Taking out a HELOC was more common a year or so ago, Wenger says. “As rates have come up, it’s made [borrowing in a HELOC] less compelling. But people still need to evaluate all possible options.”

While these rates will likely drop later this year if the Federal Reserve starts long-awaited interest rate cuts, the same is true for private student loans.

Like with private loans, parents with excellent credit stand the best chance of finding a good deal. You’ll typically need about 20% equity in your home to get approved for a HELOC, but in general, more is better. Keep in mind that HELOC rates are usually variable, and many lenders offer a low teaser rate that lasts for a period around six months. That rate may be lower than what you’re offered on a fixed-rate loan, but it won’t last.

As always, the downside associated with a HELOC is you could put your home at risk: Since you’re using your home as collateral, if you can’t pay back your debt, you’ll face foreclosure.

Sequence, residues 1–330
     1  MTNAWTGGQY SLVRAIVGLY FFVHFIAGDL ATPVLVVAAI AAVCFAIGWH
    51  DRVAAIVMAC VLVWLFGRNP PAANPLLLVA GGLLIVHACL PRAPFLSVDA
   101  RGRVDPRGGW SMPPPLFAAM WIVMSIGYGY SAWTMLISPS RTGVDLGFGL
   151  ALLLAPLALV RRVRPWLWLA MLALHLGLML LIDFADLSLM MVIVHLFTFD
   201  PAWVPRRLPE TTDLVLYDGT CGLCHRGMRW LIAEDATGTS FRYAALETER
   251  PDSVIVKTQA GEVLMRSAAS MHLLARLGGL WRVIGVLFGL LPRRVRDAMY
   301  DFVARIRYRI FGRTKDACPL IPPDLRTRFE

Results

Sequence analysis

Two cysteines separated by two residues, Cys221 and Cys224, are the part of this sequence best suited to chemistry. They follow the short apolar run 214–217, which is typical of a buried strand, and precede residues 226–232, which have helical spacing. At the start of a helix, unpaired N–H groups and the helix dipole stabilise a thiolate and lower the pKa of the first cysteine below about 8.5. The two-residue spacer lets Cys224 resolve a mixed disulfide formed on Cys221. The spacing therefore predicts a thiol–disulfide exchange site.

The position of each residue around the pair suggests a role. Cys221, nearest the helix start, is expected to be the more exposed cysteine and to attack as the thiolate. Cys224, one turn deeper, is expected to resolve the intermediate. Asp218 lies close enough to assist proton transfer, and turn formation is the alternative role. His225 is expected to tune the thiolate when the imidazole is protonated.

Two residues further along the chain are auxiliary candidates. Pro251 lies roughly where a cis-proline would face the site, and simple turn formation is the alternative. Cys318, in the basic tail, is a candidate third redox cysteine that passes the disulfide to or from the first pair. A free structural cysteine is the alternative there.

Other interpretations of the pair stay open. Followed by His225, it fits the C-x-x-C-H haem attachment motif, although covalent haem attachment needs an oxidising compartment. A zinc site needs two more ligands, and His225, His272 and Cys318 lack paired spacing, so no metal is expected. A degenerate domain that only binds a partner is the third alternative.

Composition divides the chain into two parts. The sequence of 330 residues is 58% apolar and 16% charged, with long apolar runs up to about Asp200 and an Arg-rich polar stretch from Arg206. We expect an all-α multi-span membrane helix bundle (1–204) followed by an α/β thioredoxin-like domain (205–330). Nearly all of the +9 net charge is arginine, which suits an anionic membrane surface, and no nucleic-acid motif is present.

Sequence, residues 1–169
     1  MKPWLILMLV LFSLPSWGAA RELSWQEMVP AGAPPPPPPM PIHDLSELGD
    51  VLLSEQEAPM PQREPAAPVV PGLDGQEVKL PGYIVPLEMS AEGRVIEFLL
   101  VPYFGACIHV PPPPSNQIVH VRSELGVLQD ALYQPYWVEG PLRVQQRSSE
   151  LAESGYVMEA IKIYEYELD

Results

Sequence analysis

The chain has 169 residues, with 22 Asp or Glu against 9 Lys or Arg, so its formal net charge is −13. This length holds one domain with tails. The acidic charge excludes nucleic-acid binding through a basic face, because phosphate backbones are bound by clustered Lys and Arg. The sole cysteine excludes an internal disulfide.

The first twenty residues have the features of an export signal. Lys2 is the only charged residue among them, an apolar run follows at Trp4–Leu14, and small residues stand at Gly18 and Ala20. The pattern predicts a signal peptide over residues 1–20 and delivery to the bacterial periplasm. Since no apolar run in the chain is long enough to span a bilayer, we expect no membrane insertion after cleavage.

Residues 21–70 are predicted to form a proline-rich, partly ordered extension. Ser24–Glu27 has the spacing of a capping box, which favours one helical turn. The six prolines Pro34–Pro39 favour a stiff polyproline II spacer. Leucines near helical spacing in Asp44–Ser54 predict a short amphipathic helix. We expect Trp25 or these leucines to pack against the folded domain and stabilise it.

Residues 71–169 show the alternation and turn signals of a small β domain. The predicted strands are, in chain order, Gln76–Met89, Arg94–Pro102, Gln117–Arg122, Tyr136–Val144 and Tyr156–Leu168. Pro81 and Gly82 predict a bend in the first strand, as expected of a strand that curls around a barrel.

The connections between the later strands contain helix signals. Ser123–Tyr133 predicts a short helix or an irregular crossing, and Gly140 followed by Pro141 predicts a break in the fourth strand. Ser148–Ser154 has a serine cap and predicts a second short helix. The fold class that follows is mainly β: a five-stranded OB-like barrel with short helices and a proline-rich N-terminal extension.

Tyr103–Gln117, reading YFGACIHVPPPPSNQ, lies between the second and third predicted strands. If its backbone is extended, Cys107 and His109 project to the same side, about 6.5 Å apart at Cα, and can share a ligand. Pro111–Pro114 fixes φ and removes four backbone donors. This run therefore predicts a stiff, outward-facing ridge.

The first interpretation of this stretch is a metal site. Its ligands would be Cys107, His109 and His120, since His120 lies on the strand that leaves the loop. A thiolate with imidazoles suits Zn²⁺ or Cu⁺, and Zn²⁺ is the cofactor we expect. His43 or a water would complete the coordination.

4. Credit cards

Best for: Parents angling for rewards points who can pay off the balance almost immediately.

More details: Credit cards are not a smart option for long-term financing, as they carry much higher rates than other loans. But for parents who are trying to capitalize on credit card rewards, they may be worth considering, Wenger says. That’s if — and only if — you can pay off the debt more or less immediately.

Said another way, if you can't afford to pay the amount you’re charging in full, then you should not use a credit card. With average credit card rates sitting around 22%, the amount owed will start to “spiral quickly” as Guadiano says, and “that can be ruinous.”

Adam Hardy contributed to this story.